The International Union for Conservation of Nature said the global population is in decline and is threatened by legal and illegal fishing, including accidental catches.

Locally, researchers have documented significant scars on several whale sharks left by boat propellers. While it’s not known where the incidents occurred, the Strait of Hormuz – a narrow and heavily trafficked shipping channel – is one possibility.

Bach said he hopes next year’s conference in Qatar attracts regulators from across the GCC, who could develop conservation guidelines aimed at protecting whale sharks in the region.

Before then, however, researchers have another busy summer of offshore monitoring ahead of them. Bach said he and his colleagues typically make about 20-odd trips annually to Al Shaheen.

He described getting into the water and swimming among the massive creatures as “one of the most amazing experiences I’ve ever had.”

“When you recognize a whale shark by its spots and scars, you think, ‘Hey, you’re back.’ It almost like you’re part of the family.”

Thoughts?

18 COMMENTS

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A_qtr
A_qtr
6 years ago

well that’s one group of expats who don’t need a kafeel…. yalla doha expats.. the one who can come up with the most negative comment wins…

on the qatar charity bike riders… MIMH continues to be crowned trailed by the observant one who is closing in fast..

ready.. set.. go

Kh
Kh
6 years ago
Reply to  A_qtr

DavidRSS8 is back, he might over take ObvservantOne, but not the king of negativity MIMH.

DavidRSS8
DavidRSS8
6 years ago
Reply to  Kh

Glad I have a fan. Balanced observation is only negative if you’ve been drinking the kool-aid

MIMH
MIMH
6 years ago
Reply to  Kh

My comments are mixed, seems you only focus on the ones that don’t agree with your particular view of the world. Time to understand the world is seen in different ways by different people.

Observant One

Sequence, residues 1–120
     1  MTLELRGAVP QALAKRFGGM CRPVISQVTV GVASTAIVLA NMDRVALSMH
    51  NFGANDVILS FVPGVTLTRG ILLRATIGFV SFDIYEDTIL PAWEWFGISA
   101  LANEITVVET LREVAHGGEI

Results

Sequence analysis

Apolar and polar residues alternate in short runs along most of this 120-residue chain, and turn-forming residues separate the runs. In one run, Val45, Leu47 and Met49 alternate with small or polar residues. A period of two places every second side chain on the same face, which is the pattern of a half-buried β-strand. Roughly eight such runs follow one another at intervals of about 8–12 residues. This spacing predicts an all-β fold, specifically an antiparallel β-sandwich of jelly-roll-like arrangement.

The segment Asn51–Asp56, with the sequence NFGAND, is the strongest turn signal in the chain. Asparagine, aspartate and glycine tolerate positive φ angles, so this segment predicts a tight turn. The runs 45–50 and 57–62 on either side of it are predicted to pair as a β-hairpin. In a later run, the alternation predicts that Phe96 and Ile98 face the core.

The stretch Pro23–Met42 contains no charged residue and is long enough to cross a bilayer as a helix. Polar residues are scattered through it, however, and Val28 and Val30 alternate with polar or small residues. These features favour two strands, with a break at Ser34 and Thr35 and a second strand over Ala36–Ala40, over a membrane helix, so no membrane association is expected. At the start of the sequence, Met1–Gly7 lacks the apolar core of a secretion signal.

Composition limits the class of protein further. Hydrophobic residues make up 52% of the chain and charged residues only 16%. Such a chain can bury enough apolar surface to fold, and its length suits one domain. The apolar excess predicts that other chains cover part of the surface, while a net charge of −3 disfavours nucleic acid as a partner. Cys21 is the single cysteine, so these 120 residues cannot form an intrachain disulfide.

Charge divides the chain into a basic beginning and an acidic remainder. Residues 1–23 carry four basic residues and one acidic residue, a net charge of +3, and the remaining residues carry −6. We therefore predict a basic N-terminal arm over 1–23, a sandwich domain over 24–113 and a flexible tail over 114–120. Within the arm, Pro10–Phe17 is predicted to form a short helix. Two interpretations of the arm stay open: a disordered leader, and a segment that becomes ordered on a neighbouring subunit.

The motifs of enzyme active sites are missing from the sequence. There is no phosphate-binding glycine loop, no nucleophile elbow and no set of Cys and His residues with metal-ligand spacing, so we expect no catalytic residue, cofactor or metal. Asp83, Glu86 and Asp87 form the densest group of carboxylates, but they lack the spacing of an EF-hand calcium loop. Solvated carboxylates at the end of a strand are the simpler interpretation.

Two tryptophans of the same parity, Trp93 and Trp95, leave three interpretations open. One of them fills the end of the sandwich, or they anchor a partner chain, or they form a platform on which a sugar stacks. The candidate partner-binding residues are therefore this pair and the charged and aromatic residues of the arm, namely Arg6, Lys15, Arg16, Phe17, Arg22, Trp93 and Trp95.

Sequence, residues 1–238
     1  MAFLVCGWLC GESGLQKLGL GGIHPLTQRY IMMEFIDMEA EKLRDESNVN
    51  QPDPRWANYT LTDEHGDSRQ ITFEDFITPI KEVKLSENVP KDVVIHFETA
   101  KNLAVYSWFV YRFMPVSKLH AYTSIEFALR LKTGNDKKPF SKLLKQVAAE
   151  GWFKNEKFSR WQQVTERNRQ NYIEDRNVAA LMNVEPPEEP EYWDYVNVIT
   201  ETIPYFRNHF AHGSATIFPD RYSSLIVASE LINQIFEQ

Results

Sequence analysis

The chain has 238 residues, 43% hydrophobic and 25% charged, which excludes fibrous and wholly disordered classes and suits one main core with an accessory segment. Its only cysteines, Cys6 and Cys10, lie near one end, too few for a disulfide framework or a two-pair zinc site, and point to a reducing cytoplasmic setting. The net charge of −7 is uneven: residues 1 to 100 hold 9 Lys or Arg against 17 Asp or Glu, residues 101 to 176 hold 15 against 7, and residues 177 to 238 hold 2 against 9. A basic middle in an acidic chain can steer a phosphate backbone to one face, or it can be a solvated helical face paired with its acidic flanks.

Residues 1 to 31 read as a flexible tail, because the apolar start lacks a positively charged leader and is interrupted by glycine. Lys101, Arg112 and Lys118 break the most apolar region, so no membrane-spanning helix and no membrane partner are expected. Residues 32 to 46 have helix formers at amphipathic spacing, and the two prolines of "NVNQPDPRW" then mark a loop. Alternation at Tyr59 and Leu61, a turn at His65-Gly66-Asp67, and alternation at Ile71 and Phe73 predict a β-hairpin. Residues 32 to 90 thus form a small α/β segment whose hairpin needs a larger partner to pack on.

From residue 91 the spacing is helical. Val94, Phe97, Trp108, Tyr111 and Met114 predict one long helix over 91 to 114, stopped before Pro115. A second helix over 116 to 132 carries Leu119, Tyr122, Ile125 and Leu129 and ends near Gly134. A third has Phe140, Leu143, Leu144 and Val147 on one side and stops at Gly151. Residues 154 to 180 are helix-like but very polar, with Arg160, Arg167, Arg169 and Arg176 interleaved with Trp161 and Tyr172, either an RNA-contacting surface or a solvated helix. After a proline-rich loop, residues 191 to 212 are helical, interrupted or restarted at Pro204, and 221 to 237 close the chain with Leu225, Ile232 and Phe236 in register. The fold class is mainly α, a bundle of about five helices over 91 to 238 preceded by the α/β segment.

Observant One
6 years ago
Reply to  Kh

I made a positive comment! However my sarcastic one got more up votes, so blame the readers for liking my sarcasm more then my supportive comment on the bike riders…. Also I’ve made a positive comment on the library article and even had a crack at MIMH! …perhaps one should not be blinded and only see what one wishes to see?

Observant One
Observant One
6 years ago
Reply to  Kh

You forgot Skippy1111 he or she is really burst out of the blocks and heading for the winner of clarity of perception !

DavidRSS8
DavidRSS8
6 years ago
Reply to  A_qtr

yalla trolls. Let’s see who can turn this into an expat bashing thread. Oh wait we have a winner.

A_qtr
A_qtr
6 years ago
Reply to  DavidRSS8

Face it David you know I’m right

DavidRSS8
DavidRSS8
6 years ago
Reply to  A_qtr

Sometimes, sure. But when you jump on a thread and and complain about expats complaining before they even complain, you just come across as even bigger hater (and more than a little paranoid). It also associates you with the idiots who make up accounts only to write obscenities, because they REALLY like you.

The article is about fish, and awfully amazing ones at that. Probably the only more amazing creatures I’ve seen in the Gulf are the humpback wales.

Saleem
Saleem
6 years ago
Reply to  DavidRSS8

If you do read most of the threads on here you will find that it is not baseless paranoia, nor is it even paranoia at all, it is just fact. There are expats on here do criticize things here in objective manner, and then there is the sad lot…

That being said, there are those from my lot who are overly sensitive and expect a North Korea like obedience and submission to certain points of view…

Saleem
Saleem
6 years ago
Reply to  DavidRSS8

Are you seriously going to imply there are comparable number of “expat bashing” to “Qatari bashing” threads? There could be an article about preparing a lemon cake and your lot would find some way to bash Qataris. Don’t even try to hide the contempt as merely being the “alternative view”, it is usually nothing but hateful and bitter comments about the people, their religion and culture.

MIMH
MIMH
6 years ago
Reply to  A_qtr

Yeah it’s funny when animals can come and go as they please but Qatar believes it must control humans and break several UN Human Rights conventions in the process

Observant One
Observant One
6 years ago
Reply to  A_qtr

I made a positive comment! However my sarcastic one got more up votes, so blame the readers for liking my sarcasm more then my supportive comment on the bike riders…. Also I’ve made a positive comment on the library article and even had a crack at MIMH! …perhaps one should not be blinded and only see what one wishes to see?

Gaga
Gaga
6 years ago

Does fishes and sharks also need exit permits to go out of Qatar?

ShabinaKhatri
ShabinaKhatri
6 years ago
Reply to  Gaga

Deleting for irrelevance.

Simon
Simon
6 years ago

Is one of them Septic Twatter hiding out the remainder of his term???

ShabinaKhatri
ShabinaKhatri
6 years ago
Reply to  Simon

Deleting for inappropriate language and irrelevance.

MIMH
MIMH
6 years ago

Poor sharks, they have 99 problems but an exit permit isn’t one